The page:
Bipartisan Momentum Building on Educational Opportunity
In a building named for Republican senator Lamar Alexander and flanked by the highest-ranking Republicans in Tennessee, President Obama unveiled a plan last Friday to eliminate community college tuition and fees for millions of students. It seemed to be the latest indication that the country is slowly converging on an equitable approach to providing all students, particularly low-income, with educational opportunities throughout their lives.
“To make sure that community college is accessible for everybody,” Obama said in a video message released Thursday, “what I۪d like is to see the first two years of community college free for everybody who۪s willing to work for it.”
Obama۪s proposal, named America۪s College Promise, also includes a plan to fund employment-focused programs for low-wage workers to gain skills and experience. It۪s bold, broad, and relatively expensive: the White House estimates it would cost roughly $6 billion per year.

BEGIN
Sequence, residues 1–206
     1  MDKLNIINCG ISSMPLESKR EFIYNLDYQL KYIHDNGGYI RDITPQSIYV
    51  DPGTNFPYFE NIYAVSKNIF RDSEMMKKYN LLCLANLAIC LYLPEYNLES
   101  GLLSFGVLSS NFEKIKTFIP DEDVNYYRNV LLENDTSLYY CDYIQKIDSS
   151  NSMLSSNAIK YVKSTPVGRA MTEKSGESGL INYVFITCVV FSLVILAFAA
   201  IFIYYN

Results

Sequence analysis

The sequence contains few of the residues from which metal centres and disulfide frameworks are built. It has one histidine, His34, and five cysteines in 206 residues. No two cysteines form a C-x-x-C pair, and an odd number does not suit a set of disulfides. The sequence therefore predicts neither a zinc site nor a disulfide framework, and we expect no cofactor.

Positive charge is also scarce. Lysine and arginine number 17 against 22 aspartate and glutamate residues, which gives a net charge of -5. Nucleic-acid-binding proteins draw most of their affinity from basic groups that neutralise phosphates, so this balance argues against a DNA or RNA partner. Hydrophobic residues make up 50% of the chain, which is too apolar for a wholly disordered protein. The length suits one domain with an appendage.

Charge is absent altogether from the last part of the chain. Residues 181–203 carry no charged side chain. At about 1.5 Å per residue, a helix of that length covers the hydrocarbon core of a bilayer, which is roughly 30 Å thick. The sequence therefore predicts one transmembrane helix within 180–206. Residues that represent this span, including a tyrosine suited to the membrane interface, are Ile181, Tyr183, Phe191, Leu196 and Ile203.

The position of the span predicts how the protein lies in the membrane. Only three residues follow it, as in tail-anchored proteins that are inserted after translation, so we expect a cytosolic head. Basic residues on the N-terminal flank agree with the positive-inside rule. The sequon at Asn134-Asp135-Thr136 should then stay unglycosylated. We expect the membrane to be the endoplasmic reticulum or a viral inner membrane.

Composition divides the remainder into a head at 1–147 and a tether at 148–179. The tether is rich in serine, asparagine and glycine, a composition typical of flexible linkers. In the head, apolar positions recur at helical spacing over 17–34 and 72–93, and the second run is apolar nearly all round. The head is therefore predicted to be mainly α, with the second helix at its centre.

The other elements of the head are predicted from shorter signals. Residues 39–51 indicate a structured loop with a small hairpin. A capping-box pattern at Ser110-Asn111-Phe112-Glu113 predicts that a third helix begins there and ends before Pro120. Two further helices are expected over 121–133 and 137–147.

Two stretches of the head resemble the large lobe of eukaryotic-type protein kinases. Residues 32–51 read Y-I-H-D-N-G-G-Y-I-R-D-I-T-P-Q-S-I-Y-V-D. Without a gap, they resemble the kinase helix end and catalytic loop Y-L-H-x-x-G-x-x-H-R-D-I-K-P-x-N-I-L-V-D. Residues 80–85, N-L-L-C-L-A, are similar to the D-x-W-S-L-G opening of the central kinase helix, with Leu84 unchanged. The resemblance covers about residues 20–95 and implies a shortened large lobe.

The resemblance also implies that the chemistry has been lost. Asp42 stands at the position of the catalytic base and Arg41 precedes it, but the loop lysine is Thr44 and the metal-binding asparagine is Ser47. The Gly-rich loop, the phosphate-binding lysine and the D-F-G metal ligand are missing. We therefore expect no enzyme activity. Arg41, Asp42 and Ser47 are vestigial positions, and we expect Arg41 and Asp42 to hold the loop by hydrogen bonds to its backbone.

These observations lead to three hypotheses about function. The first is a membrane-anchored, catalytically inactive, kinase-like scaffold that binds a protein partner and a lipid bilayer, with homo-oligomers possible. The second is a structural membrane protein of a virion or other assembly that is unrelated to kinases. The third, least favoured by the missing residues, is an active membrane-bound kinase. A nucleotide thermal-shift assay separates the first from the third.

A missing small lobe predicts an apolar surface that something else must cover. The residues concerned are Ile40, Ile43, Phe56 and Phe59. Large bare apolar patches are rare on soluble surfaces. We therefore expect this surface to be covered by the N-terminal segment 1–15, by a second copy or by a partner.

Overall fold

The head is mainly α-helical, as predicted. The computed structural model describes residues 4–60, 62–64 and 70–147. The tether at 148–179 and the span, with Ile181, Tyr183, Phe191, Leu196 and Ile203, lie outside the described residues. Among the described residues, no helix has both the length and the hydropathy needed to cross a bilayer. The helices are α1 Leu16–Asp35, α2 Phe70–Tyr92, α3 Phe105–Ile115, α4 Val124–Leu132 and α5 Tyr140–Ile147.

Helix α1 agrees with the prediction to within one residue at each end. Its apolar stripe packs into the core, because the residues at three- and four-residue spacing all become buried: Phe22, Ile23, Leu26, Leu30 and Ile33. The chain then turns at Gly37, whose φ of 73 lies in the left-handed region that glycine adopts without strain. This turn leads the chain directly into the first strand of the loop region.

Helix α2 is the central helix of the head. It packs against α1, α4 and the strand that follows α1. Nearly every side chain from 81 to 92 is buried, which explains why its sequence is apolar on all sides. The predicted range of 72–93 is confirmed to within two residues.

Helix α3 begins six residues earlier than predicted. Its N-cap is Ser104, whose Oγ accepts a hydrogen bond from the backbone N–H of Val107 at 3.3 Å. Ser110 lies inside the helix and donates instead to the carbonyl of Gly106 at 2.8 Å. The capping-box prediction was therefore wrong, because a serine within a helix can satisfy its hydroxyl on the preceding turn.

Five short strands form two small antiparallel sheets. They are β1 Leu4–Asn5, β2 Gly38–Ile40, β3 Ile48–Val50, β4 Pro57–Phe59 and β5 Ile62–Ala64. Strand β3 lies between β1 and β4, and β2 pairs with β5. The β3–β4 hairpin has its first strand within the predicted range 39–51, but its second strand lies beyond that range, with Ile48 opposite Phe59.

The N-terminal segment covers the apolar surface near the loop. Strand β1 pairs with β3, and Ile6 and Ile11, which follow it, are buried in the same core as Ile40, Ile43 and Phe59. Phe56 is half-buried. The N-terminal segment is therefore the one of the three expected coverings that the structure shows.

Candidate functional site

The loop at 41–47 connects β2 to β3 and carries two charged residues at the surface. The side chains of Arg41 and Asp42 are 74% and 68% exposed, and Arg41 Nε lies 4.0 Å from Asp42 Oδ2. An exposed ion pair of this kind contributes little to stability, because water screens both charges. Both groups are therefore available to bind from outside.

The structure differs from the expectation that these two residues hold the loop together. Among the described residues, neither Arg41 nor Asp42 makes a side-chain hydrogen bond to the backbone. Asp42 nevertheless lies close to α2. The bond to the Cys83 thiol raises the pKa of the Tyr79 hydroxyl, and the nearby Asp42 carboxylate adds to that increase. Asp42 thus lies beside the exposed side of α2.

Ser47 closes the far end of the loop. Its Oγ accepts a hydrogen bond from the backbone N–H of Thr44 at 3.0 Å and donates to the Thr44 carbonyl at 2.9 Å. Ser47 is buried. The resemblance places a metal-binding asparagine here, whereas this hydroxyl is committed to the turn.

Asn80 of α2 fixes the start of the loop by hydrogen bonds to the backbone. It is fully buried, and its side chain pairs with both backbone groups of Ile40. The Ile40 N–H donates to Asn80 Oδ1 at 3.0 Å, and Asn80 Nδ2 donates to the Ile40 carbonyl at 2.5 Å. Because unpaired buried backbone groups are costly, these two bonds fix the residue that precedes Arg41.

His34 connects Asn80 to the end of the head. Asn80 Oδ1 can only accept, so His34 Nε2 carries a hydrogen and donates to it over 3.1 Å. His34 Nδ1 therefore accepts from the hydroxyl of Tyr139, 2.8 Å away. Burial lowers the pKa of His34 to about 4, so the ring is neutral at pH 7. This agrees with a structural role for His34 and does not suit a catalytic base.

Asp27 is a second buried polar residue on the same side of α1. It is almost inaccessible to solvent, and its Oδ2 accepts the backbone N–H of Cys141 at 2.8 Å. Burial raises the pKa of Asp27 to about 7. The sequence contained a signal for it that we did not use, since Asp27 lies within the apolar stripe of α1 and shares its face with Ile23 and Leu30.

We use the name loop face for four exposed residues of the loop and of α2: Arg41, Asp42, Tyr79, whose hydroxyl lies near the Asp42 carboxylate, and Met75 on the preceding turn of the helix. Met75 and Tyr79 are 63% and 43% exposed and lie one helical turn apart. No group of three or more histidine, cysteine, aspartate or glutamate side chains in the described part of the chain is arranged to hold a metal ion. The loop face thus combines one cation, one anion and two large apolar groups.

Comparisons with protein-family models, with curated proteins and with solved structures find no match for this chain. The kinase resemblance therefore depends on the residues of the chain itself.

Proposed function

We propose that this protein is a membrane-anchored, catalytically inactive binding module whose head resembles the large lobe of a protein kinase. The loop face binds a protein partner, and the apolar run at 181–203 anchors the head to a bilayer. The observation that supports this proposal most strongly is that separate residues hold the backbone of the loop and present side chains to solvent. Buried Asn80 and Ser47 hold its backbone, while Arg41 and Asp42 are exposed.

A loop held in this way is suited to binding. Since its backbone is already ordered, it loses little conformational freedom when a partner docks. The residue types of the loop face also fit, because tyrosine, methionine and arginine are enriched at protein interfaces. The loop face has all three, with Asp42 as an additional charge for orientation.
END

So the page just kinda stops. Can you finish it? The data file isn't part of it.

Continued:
It۪s also not unprecedented. Tennessee Governor Bill Haslam, a Republican, pioneered the approach with the Tennessee Promise, which has drawn applications from nearly 90 percent of the state۪s high school seniors. The President۪s proposal expands on this model, opening the program to part-time and older students (“non-traditional” students, who now actually make up a majority at community colleges), and improving the benefits for low-income students, through coordination with Pell grants to help pay for community college tuition, fees, and living expenses.
Meanwhile, Education Week released its annual Quality Counts report last week, highlighting areas of broad bipartisan consensus on early-childhood education. The report finds that legislators on both sides of the aisle are embracing early education as a powerful tool to lift children out of poverty and ensure them greater opportunity in the future.
“From President Barack Obama۪s push for a $75 billion, 10-year federal preschool commitment to efforts by governors, mayors, and state legislatures for new and expanded programs,” the report said, “momentum continues to build.”
From community colleges to preschools to ambitious efforts to combine the two, could education be the new, bipartisan front in the War on Poverty?
Posted by Adam
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